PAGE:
“Now come, that reminds me. You aren’t truly using that old flint stone of yours to light fires are you?” Garreth asked, walking to another station in the workshop. “Come, you might find this useful,” he said without waiting for an answer.

Chindren stuffed the pipe into his pocket and continued to feel it with his fingers as he followed close behind Garreth, who stopped at another small table that strangely unlike every other table in the workshop was almost completely clear of objects. The table was covered with more than a few black splotches and was nearly charred in a few places.

“I call this my firestick,” Garreth said, holding up a longish thin black wooden rod. “You just hit it on the end here hard, like on a rock and it’ll light up for ya. But be careful not to get it wet, else that will render it quite useless. You can reuse it a few times, but be sure to put it out as soon as you be done with it so it’ll last longer.” With that, he held out the firestick to Chindren who shoved it into his pocket along with his pipe and flint stone. “Now be careful with that ya hear! Don’t want it going off in your pocket or your pack. Always keep it wrapped in something so it keeps try and so it don’t accidentally go off, like this.” Garreth handed Chindren a small rag that appeared to be soaked in some pungeant substance and which felt oily to his hands. Chindren pulled out the firestick and carefully wrapped it in the rag, then replaced it in his pocket.

“Alright now,” Garreth said, “about that payment you mentioned.” He looked down at Chindren who looked up in return. “I do have a proposition for ya,” Garreth said, heading for the entrance.

* * *

Once the two men were back inside the cabin, and were comfortably sitting down in their respective chairs, coats hung up on pegs, and both puffing on their respective pipes, Garreth spoke.

“The fact of the matter is, you aren’t prepared to be out here in the wild all on your own. You be young and inexperienced, and you haven’t the tools you need to survive out here.”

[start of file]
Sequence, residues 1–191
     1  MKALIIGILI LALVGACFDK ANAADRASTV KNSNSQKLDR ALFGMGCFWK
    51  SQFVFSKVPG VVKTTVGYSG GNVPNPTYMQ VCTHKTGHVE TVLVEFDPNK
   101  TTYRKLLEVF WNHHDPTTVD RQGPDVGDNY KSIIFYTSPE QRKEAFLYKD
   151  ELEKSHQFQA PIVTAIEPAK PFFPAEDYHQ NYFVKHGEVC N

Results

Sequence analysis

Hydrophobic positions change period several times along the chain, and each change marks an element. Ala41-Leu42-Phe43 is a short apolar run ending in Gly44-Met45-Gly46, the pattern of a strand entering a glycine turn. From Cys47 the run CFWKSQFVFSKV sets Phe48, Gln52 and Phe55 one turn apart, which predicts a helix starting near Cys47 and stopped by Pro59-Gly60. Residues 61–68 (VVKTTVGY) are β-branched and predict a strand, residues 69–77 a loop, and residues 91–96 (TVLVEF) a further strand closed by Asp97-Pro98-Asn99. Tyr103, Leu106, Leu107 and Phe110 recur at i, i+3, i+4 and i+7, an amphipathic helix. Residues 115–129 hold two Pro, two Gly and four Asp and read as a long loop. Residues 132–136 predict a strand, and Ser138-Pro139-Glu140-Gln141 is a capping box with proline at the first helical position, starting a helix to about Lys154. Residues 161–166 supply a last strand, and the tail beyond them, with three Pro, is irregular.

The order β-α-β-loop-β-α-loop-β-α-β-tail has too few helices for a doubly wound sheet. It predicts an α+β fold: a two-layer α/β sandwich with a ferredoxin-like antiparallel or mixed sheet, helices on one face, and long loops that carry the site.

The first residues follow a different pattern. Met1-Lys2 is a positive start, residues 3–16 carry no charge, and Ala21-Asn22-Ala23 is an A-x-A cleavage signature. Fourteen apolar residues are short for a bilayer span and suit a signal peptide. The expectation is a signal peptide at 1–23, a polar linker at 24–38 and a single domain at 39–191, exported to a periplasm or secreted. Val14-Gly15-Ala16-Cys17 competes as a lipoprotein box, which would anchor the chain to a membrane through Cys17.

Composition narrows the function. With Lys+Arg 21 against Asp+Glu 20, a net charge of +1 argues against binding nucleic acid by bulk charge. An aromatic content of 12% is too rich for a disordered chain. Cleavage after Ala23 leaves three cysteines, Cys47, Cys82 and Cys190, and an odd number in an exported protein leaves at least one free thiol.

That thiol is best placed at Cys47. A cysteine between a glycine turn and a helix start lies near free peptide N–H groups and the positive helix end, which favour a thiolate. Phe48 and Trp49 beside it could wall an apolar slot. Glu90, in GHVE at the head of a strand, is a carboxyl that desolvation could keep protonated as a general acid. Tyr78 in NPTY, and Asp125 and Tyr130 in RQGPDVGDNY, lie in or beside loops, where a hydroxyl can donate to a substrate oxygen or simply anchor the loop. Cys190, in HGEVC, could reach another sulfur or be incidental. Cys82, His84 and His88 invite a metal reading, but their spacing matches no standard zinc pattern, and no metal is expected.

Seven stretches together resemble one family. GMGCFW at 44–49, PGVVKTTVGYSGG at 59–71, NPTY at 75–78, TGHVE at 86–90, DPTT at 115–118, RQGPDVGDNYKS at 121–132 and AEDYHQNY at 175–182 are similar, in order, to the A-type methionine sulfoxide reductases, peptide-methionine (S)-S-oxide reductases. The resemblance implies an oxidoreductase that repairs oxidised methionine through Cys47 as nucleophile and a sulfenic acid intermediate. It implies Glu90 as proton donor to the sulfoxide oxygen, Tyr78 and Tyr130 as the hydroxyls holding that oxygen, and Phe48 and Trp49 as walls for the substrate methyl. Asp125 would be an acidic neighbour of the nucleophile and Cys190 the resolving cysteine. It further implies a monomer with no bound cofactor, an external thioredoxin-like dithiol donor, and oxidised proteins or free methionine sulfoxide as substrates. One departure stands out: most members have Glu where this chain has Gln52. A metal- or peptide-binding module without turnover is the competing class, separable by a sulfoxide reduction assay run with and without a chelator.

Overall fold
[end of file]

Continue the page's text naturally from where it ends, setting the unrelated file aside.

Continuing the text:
Chindren looked into Garreth’s eyes, and prepared for him to announce that he was going to return him to Willowbrook, to his uncle, but that’s not what the big man said.

“Now tools I can help ye with, but experience, that’ll take some time. I want you to work for me, and in the process I will do teach you about the woods and how to survive in it. I will do teach you how to lay traps and catch rabbits so you can feed yourself, and I’ll teach you how to make a proper fire and stay warm. Now I did save your life don’t forget, so I think it a fair bargain. What ye say, boy?” Garreth asked, looking down at Chindren who was clearly taken aback by the proposition.

“I… that is…” Chindren stammered slightly, then took a puff on his pipe to gather his thoughts. “Yes, I agree, that should be fine I think. Better than fine—it would in fact be most appreciated!”

“Well done, then!” Garreth exclaimed, stomping his foot down hard on the floor and causing Chuck to jump. “It will be nice to have a helping hand around here. I might actually get some proper work done for a change!”

Contented, the two of them puffed silently on their pipes for a while as each of them pondered the days to come. Chindren was concerned about staying in one place for too long, and Garreth still didn’t know about the men supposedly after Chindren. He surely didn’t want to place his new friend in any danger, but he was sure Garreth could stick up for himself, and the knowledge he offered was invaluable. A couple days shouldn’t matter, Chindren thought to himself as he took another draw on his new pipe.

When nightfall came, Garreth offered to sleep in his chair, which he claimed he did more often than not anyway, and Chindren curled up in the warm blankets of the bunk as the fire in the living room slowly died and darkness gradually cast its long shadow across the small cabin deep in the Minnoan wood.